Oakland Marijuana Raids Highlight Clash With Federal Government

   on April 04 2012 1:53 PM
Oakland
Federal agents remove evidences after raiding Oaksterdam University, a cannabis cultivation college, in Oakland, California April 2, 2012. REUTERS

Monday's raids on a prominent Oakland medical marijuana advocate's businesses and properties underscored the federal-local divide over the legality and utility of cannabis.

Armed federal agents from the Internal Revenue Service, Drug Enforcement Agency and the U.S. Marshals Service seized files and plants from a medical marijuana dispensary and from Oaksterdam University, a school established to train aspiring members of the medical marijuana industry. Both were founded by Richard Lee, a longtime advocate who was instrumental in supporting an unsuccessful 2010 ballot measure that would have legalized possessing small amounts marijuana for recreational use in California.

The raid demonstrated the ongoing tension between the federal government and states / municipalities willing to permit some marijuana use. Medical marijuana is legal in California, and Oakland offered a glimpse of what broader legalization might look like by passing laws to tax and regulate dispensaries.

But the federal Controlled Substances Act holds that cannabis is a dangerous drug with no medical value, ranking it alongside substances like heroin and mescaline. Federal prosecutors have launched a crackdown on the cultivation and sale of marijuana, saying many businesses are more concerned with profit than with helping patients, and warning Oakland not to allow large-scale growing.

That has led advocates to accuse the Obama administration of reneging on an earlier promise to lay off providers who were complying with state laws. Oakland City Councilwoman Rebecca Kaplan told KTVU that Lee's influence in Oakland has been overwhelmingly positive and suggested the focus on cannabis was misplaced.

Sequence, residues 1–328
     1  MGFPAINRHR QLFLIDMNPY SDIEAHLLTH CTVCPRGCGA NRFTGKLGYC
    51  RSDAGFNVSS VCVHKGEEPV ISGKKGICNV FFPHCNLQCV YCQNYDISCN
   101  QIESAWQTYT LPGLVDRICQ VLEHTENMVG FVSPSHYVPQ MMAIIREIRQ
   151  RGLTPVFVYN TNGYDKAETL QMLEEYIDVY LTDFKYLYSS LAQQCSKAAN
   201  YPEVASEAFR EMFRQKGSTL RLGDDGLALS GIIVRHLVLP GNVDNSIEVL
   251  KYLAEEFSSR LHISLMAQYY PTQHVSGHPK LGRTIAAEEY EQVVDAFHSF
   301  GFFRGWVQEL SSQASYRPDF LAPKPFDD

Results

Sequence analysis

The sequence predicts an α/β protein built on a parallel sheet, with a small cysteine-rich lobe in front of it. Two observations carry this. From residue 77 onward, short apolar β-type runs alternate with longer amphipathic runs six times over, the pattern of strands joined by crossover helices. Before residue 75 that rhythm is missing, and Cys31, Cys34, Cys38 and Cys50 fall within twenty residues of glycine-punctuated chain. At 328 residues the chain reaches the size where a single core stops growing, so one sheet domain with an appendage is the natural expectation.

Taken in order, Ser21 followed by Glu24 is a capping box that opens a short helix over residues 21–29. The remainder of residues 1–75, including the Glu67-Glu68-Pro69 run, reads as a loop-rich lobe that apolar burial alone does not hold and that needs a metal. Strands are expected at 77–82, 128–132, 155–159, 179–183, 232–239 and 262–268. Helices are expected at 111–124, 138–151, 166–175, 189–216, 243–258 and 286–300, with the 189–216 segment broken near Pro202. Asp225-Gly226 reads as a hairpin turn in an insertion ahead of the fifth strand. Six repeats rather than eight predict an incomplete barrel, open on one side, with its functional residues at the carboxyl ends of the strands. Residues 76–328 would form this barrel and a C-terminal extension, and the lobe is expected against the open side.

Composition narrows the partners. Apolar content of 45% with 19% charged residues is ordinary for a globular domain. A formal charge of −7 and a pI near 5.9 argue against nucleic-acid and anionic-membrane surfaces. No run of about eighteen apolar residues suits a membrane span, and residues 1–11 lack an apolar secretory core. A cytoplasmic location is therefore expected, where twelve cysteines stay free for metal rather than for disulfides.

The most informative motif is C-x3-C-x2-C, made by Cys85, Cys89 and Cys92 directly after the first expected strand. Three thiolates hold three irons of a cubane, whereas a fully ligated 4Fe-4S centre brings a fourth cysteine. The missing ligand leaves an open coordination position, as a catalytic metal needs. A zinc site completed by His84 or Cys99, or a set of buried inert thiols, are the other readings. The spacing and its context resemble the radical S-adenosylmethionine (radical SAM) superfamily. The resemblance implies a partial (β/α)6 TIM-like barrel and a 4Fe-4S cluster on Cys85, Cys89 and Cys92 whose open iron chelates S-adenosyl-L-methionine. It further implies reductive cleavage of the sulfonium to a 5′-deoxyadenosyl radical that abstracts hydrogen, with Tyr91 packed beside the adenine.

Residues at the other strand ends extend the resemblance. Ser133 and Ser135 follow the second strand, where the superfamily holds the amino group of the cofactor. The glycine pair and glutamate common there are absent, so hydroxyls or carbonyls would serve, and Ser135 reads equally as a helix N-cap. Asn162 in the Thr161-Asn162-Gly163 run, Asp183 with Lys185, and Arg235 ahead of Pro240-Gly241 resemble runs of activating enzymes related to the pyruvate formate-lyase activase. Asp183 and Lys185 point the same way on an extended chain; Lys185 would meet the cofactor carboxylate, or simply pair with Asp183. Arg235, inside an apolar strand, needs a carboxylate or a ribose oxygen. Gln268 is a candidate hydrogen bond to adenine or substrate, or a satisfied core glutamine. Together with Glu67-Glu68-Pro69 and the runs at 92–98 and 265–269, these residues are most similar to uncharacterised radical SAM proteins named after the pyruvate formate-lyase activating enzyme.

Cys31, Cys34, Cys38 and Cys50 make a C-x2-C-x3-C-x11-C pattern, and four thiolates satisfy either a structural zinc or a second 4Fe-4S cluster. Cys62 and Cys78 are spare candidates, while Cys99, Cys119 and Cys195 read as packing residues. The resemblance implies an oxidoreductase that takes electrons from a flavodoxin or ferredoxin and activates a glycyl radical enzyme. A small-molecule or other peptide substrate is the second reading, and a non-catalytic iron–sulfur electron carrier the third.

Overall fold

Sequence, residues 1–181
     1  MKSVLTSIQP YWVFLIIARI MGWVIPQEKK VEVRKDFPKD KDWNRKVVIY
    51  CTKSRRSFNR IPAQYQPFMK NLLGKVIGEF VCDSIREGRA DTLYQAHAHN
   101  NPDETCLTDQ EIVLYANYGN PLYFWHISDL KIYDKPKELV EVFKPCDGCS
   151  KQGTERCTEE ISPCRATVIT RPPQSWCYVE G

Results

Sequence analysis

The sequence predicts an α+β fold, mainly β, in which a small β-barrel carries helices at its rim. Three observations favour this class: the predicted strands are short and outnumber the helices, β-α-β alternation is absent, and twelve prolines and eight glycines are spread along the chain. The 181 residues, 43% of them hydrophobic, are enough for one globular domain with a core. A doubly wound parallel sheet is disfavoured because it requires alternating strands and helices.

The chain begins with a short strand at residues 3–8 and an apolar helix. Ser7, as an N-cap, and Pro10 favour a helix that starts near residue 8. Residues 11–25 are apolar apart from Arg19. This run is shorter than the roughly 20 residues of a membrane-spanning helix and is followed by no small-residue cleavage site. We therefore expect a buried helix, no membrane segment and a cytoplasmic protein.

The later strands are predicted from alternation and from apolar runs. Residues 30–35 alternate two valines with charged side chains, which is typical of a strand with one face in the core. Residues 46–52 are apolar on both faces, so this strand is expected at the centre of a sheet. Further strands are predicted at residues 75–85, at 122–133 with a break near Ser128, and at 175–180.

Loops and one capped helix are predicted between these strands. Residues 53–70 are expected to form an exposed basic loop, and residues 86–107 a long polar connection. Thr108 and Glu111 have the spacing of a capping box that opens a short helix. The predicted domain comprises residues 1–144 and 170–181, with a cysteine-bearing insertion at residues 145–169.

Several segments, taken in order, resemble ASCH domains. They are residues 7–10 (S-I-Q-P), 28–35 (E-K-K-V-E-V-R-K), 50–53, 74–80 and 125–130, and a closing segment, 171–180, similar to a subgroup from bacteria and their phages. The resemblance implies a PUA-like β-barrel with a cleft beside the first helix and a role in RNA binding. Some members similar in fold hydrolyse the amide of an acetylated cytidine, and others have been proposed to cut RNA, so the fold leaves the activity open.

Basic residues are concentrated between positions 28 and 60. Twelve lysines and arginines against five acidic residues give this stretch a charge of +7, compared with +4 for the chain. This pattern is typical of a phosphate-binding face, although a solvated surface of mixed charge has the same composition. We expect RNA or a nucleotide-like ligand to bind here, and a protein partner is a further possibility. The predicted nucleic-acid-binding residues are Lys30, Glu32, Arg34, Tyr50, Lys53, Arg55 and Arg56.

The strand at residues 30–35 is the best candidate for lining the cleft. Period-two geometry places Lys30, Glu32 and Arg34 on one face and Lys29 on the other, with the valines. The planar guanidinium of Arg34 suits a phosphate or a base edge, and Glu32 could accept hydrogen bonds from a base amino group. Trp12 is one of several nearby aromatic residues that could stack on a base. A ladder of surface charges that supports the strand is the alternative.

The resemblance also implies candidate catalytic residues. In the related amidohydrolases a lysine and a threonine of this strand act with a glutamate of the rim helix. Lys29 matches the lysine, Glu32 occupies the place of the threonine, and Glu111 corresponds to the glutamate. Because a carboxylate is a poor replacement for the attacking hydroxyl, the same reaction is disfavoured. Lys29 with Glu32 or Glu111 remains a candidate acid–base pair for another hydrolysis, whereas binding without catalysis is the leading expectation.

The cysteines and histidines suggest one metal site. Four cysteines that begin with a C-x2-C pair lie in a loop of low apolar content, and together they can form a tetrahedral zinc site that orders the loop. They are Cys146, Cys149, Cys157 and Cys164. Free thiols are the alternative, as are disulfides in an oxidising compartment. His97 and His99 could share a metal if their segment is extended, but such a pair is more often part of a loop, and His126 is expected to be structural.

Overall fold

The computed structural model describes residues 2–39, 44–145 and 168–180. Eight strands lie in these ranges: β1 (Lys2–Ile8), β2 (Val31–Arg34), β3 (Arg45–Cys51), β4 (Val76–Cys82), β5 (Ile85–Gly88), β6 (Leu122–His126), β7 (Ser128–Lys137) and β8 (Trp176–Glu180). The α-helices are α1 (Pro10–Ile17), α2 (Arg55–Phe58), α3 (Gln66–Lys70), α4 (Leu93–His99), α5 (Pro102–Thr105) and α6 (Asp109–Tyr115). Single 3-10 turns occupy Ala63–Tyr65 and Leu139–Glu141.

My constituents' top priority is fighting gun violence and illegal guns, Kaplan said.

A spokesperson for the Drug Enforcement Agency was unable to elaborate on the reason for Monday's raids, noting that the warrants for the operation were under seal.

We can't really talk about any of the details pertaining to the search warrant other than that it happened, said DEA special agent Joycelyn Barnes.

Was Federal Government Trying To Send A Message By Targeting Lee?

But proponents of legalization believe that the government was sending a message by targeting Lee.

I suspect that [Monday's] raid was because Richard Lee is so high profile, said William G. Panzer, a criminal defense lawyer specializing in cannabis cases who is on the board of the National Organization for the Reform of Marijuana Laws. The Obama administration has ramped this stuff over the last year, Panzer added, to the point they're worse than the Bush administration was.

Some advocates echoed Kaplan's argument the raids represent a misuse of law enforcement resources. They argue that legally sanctioned and regulated marijuana dispensaries are far preferable to the alternative.

One has the impression this is more about creating an impression of fear and intimidation in the medical marijuana world than it has to do with any serious enforcement of medical marijuana law, said Ethan Nadelmann, founder and executive director of the Drug Policy Alliance. These raids aren't going to reduce the availability of marijuana. All they're going to do is push the providers back into the black market and into the hands of people who are far more criminally minded.

That critique was sharpened by the fact that, on the same day the raids unfolded, a 43-year-old nursing student named One L. Goh gunned down seven people at Oakland's Oikos University.

I think the events of [Monday] really put things into perspective, Panzer said. We have a guy with a gun killing people, going berserk shooting people, and most of the cops are somewhere else going after a plant.

It's unclear what role the IRS played in Monday's raid, but Nadelmann said the agency is increasingly deployed in the crackdown on cannabis. For example, the IRS invoked a Reagan-era section of the tax code in 2011 to rule that dispensaries cannot deduct business expenses like payroll and rent.

Given the fact [the dispensaries] are operating legally under state law but the federal law regards them as illegal, they're always vulnerable to the IRS saying they didn't dot this 'I' or cross this 'T,' Nadelmann said. I think it's one of the more insidious aspects of this federal assault on medical marijuana dispensaries acting legally under state law.

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